Translations done by unprepared marketing translators are often linguistically correct, but they do not seem to be conceived and written in the target audience language and for that specific market. Lack of rhythm, non-fluent style, heavy linguistic structures, repetitions, unnaturally long sentence, etc. Anyone will immediately understand that they are reading a translation. Literal translations and calques should not be allowed. The translator’s task is to get the main meaning of the text and then rephrase, in order to convey the original message using the language the target audience would naturally use.

Here’s a list of challenges that marketing translators must face every day:

  • Choosing the right register, more or less formal.
  • Using an inclusive language.
  • Translating humor, as people from different cultures do not laugh at the same jokes.
  • Adapting metaphors and idioms.
  • Overcoming cultural barriers, here the client can help to understand how to adapt concepts that are not spread everywhere.
  • Shifting the focus on different values: for example, family has a key role in Italy, while other cultures may focus more on revenues, sense of community, independence, socializing and so on
  • Adding pieces of information to support the user: for example, Italian users are less experienced with technology than their US counterparts, and thus they may need details which are taken for granted in the source text.

Finally, do not underestimate the importance of text length. Many languages, including French or Italian, are well-known for having complex syntactic structures, while single words are generally quite long. As a result, if you are translating from English (where words are shorter on average and the language is often defined as very concise) in one of the above mentioned languages, the target text may be up to 30% longer than the source text. However, it is not always possible to adapt the layouts, so it is quite useless to write very long and complex sentences just to show off one’s writing skills. The real challenge is writing the same message with fewer words without depriving it of its original power.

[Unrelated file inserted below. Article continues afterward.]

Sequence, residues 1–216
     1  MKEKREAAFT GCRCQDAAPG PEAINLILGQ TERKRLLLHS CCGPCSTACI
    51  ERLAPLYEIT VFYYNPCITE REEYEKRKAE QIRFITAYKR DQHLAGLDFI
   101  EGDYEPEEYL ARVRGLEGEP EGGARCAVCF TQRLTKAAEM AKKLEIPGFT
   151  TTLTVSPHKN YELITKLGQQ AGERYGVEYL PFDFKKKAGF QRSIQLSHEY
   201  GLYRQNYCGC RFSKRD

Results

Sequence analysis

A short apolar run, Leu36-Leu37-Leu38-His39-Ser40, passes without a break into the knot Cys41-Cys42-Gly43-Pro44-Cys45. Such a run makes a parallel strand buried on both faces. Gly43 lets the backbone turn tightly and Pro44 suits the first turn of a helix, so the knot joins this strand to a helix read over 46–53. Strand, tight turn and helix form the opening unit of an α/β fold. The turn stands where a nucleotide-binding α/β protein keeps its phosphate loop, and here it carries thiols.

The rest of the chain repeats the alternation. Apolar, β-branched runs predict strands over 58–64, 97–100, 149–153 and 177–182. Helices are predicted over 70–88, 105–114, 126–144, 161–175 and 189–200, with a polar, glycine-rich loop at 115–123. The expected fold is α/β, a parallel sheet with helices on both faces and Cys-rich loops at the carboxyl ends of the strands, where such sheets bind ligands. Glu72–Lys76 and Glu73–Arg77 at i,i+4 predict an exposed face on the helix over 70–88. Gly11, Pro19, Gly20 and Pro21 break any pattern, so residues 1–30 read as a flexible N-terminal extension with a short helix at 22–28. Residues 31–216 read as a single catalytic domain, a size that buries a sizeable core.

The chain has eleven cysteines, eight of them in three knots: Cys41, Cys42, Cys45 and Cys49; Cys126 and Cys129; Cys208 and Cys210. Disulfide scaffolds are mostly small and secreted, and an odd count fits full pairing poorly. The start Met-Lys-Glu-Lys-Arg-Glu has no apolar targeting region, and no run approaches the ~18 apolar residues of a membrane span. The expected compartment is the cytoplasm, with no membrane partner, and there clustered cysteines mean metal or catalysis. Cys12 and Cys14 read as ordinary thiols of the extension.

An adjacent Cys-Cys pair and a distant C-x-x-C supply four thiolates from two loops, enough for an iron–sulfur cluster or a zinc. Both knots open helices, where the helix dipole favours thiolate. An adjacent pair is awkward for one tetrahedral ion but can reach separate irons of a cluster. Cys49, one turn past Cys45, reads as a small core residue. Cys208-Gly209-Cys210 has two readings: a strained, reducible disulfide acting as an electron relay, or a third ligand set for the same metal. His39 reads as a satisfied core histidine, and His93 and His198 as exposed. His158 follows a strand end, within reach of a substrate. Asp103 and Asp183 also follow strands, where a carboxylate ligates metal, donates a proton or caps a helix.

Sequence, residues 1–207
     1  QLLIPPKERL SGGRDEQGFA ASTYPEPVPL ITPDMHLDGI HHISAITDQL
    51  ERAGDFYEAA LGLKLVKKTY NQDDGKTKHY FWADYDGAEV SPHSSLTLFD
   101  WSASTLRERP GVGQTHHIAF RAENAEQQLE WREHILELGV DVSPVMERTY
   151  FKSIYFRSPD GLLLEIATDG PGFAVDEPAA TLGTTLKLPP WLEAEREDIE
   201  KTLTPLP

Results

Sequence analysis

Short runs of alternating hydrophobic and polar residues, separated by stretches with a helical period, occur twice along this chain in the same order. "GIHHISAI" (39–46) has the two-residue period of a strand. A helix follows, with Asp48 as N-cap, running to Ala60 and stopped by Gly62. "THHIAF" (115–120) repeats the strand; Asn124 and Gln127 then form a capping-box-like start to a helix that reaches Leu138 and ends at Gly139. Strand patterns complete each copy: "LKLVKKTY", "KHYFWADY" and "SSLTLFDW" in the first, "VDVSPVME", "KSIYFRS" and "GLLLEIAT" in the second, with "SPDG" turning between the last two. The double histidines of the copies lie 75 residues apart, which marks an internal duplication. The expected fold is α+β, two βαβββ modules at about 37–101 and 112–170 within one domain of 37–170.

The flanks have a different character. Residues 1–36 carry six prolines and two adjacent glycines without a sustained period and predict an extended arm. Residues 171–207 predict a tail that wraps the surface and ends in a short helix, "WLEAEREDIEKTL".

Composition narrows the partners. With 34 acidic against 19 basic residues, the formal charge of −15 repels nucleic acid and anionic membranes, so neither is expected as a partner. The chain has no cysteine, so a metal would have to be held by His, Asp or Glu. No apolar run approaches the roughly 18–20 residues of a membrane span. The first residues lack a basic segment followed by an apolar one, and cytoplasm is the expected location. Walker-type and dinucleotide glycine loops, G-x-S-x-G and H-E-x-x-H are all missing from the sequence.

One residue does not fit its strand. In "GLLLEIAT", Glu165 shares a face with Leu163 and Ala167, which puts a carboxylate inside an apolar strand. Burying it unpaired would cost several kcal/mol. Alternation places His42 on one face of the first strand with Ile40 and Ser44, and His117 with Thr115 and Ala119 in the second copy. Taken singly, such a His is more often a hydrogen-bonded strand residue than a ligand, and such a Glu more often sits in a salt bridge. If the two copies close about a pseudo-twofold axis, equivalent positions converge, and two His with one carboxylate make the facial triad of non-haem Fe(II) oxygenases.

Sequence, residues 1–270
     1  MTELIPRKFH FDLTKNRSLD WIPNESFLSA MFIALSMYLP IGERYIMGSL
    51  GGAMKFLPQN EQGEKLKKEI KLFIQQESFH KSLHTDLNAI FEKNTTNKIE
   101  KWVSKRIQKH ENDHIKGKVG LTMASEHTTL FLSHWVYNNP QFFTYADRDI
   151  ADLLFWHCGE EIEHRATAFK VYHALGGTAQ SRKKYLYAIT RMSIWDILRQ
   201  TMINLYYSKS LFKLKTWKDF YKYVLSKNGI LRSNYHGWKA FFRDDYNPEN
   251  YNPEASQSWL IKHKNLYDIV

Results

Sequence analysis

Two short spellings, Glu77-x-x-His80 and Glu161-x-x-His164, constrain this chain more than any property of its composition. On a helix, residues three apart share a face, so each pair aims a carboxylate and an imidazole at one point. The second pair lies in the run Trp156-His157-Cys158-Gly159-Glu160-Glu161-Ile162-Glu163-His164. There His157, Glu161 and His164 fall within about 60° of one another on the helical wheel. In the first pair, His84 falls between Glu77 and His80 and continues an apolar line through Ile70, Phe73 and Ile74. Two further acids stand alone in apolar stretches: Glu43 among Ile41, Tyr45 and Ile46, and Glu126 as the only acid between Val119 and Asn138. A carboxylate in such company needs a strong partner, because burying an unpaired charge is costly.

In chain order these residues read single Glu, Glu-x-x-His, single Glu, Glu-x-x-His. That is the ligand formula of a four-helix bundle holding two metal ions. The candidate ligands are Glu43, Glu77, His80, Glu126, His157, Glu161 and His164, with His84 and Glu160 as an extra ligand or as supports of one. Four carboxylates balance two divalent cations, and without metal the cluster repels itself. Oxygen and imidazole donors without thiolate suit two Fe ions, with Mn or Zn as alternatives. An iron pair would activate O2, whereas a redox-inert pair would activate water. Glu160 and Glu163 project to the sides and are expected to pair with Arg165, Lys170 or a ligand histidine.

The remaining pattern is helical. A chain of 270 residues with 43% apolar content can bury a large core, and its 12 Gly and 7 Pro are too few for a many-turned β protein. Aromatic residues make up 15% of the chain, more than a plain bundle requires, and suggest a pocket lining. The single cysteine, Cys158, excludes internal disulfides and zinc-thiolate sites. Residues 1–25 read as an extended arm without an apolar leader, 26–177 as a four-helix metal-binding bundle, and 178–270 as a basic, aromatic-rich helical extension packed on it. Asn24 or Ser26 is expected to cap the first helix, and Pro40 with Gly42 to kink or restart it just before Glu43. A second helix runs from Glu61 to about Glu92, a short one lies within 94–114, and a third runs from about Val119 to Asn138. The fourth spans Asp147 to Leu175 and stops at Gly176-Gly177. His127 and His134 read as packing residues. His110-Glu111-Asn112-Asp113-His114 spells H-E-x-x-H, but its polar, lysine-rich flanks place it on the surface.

And what about transcreation?

 

Transcreation can be defined as the “sister” of marketing translation. These two activities are often related and it is not so uncommon to do a bit of transcreation when taking care of a marketing translation. However, this type of service is generally limited to specific parts of texts or documents, such as taglines and slogans, or exceptionally creative titles. Styles, colors and images, which inspire different emotions depending on the target audience, can also be included.

When you do a transcreation, the original words are completely altered and the translation process almost resembles a copywriting task. You add or remove parts of the sentences to recreate puns, repetitions, alliterations and other figures of speech. From a literal point of view, the source and the target texts may seem completely different, but the core message is preserved: different words will communicate to the new audience the same idea that the original audience get from the source text.

If you have read so far, we are sure you have now understood why marketing translation is so important.

But how can this be applied to your content?

Don’t worry. Contact us and ask anything you want to know. Our team will be happy to address your questions and help you!

 

 


Cristina Siragusa
c.siragusa@stats.dpsonline.it

Traduttrice e revisore: Lettrice accanita, ama gli animali e adora viaggiare per scoprire nuovi luoghi e culture. Non aspetta altro che arrivi l’estate, ma ha un debole per la cioccolata calda.